Tablescaping, as its name implies, involves much more than setting the table. It requires more than the functional necessities for having a meal—plates, glasses, cutlery—but adorning the table with decorative flourishes to achieve a unified theme. It is usually the type of effort reserved for a wedding. However, as lockdown removed our ability to host special events, the trend picked up steam online as a way to break up the housebound mundanity and make an occasion at home. In some ways the essence of the trend is very old. Imagine the decadent banquets of a bygone era, royals and aristocracy with their polished silver, elaborate floral arrangements, and exotic trinkets. However, in other ways the tablescaping trend is very new, accelerated by the visual medium of Instagram. It offers us an aspirational window into each other’s material lives in a style inherent to social media today. Now, as government regulations have begun to allow, and entertaining at home becomes more feasible, many have sought out tablescaping with gusto.
Related hashtags such as #tablesetting, #tabledecor, and #tablescape bring up millions of hits on Instagram. There are also a number of influencers and designers who have built up reputations for their tablescaping. Fiona Leahy’s Instagram account is full of inspiring tablescapes from ‘trayscapes’ for one to long tables for a garden party affair. Socialite and entrepreneur, Alice Naylor-Leyland, another grand dame of tablescaping, has an entire tableware and homeware brand, Mrs. Alice. One of her first products to launch was a ‘tablescape in a box’ designed to effortlessly deliver the glamorous side of hosting without the hassle. For those not keen to buy and store their own collection of tablescaping materials, rental services have become an option in recent years. Brands like Lay London in London, Social Studies in New York, and A Table Story in Denmark, offer a range of styles to choose from. Usually they charge per person and can be an option for events both big and small. Signature Rentals, based in Dublin, offer ready-made Al Fresco tablescaping packages for up to 10 people. For those looking to give tablescaping a try on their own, now that the trend has gravitated into the mainstream, there are numerous articles and listicles offering advice on where to start. Like any trend intrinsically linked to lifestyle, the cost of entry can be prohibitive. However, there are budget-friendlier ways to tablescape. Often the best center-pieces can be made from foraged greenery or garden flowers. Lots of one of a kind treasures and vintage China can be found in charity shops or on Ebay. JYSK has versatile table linen starting at under €5 and all sorts of affordable Scandinavian-style pieces for a modern tablescape.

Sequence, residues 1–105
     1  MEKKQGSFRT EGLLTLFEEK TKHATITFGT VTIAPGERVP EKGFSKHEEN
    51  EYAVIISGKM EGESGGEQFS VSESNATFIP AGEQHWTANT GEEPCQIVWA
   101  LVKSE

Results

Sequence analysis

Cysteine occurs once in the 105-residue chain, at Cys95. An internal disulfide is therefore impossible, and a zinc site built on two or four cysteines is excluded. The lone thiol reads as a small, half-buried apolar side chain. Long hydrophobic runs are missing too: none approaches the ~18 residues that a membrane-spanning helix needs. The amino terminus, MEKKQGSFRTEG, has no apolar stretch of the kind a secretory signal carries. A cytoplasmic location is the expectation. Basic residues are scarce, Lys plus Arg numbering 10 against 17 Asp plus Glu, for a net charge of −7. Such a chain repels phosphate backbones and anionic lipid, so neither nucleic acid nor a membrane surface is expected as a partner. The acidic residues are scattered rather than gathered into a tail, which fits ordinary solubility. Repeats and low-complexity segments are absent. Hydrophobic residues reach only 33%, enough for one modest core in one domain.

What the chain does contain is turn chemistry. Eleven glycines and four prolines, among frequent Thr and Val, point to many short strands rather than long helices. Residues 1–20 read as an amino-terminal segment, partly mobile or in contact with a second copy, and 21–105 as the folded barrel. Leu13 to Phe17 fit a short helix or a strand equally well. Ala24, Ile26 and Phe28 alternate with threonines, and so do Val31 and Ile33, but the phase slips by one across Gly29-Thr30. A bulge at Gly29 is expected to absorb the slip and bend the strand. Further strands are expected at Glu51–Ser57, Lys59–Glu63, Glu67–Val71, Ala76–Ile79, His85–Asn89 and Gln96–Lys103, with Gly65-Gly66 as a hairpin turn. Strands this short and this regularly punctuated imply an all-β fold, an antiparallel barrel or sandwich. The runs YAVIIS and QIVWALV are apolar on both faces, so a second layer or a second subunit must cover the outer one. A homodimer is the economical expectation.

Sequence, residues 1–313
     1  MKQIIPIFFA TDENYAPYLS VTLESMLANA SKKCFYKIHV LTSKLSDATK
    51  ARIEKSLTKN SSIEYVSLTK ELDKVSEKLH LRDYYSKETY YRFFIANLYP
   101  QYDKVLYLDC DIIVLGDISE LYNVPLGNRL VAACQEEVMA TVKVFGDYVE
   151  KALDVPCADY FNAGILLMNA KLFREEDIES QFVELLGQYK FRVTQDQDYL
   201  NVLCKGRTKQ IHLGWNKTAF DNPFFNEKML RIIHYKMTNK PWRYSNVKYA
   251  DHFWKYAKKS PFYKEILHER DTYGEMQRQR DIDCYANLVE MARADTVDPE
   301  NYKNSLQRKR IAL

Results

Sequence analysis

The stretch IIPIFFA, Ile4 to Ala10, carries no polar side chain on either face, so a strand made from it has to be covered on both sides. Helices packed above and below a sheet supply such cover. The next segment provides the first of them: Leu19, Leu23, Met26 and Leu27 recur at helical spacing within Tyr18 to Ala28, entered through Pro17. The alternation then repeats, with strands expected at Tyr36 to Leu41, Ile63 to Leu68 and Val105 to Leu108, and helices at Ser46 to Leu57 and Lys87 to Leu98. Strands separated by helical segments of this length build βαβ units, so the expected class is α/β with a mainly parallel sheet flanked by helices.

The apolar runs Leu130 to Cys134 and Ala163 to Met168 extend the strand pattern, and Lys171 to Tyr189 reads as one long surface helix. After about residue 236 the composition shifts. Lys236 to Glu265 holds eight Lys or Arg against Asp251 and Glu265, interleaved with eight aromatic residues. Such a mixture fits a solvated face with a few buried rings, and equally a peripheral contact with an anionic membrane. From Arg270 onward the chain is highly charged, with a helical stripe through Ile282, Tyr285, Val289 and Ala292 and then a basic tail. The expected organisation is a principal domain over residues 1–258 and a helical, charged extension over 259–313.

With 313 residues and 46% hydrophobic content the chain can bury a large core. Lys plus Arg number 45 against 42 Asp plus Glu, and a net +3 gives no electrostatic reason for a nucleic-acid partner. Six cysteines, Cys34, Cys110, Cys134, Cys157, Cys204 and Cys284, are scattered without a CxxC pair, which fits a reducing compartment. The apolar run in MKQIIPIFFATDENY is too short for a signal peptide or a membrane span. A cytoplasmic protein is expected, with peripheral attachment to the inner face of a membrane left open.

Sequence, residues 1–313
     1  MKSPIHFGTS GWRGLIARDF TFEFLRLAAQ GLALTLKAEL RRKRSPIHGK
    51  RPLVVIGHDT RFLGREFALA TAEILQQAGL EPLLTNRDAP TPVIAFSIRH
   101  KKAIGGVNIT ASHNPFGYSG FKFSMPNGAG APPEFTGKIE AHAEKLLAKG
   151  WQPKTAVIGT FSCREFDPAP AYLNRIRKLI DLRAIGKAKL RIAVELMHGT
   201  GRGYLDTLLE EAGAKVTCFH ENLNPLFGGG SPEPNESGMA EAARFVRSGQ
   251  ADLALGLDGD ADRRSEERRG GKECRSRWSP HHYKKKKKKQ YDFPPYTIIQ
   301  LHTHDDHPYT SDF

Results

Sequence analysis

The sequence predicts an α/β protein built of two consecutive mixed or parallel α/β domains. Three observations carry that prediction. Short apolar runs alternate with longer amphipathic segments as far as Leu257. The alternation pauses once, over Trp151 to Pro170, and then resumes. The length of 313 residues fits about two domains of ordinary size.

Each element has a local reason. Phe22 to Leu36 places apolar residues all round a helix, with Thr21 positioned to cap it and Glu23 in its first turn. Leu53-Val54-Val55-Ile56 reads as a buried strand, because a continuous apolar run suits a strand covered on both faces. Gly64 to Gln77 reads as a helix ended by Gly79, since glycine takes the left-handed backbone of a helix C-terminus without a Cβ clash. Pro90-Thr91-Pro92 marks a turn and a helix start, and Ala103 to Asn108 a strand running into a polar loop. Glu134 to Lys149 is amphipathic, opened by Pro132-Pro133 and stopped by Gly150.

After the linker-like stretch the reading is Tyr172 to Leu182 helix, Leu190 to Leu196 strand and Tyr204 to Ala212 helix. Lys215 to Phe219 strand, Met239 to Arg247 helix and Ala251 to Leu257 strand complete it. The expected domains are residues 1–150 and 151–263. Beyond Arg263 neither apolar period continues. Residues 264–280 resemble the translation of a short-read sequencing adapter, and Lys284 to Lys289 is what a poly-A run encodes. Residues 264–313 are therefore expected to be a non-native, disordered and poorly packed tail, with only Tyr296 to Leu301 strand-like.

The rise of the tablescaping trend is good news for brands in the home space. And certainly one to watch. It is another manifestation of the lockdown-inspired move to thoughtfully curate our spaces. It also seems to be part of a larger counter trend to the minimalism which has been popular for years. As we head into cooler weather, mantle pieces and bookshelves, might be the next area to get this kind of design attention. It is also good news for artisans and makers, as things like embroidered napkins and handmade pottery can elevate and give a tablescape a personal touch. At its heart, tablescaping is hopeful. People are getting creative, hauling out the ‘good plates’ and ceasing the opportunity to celebrate despite the relentless year it’s been.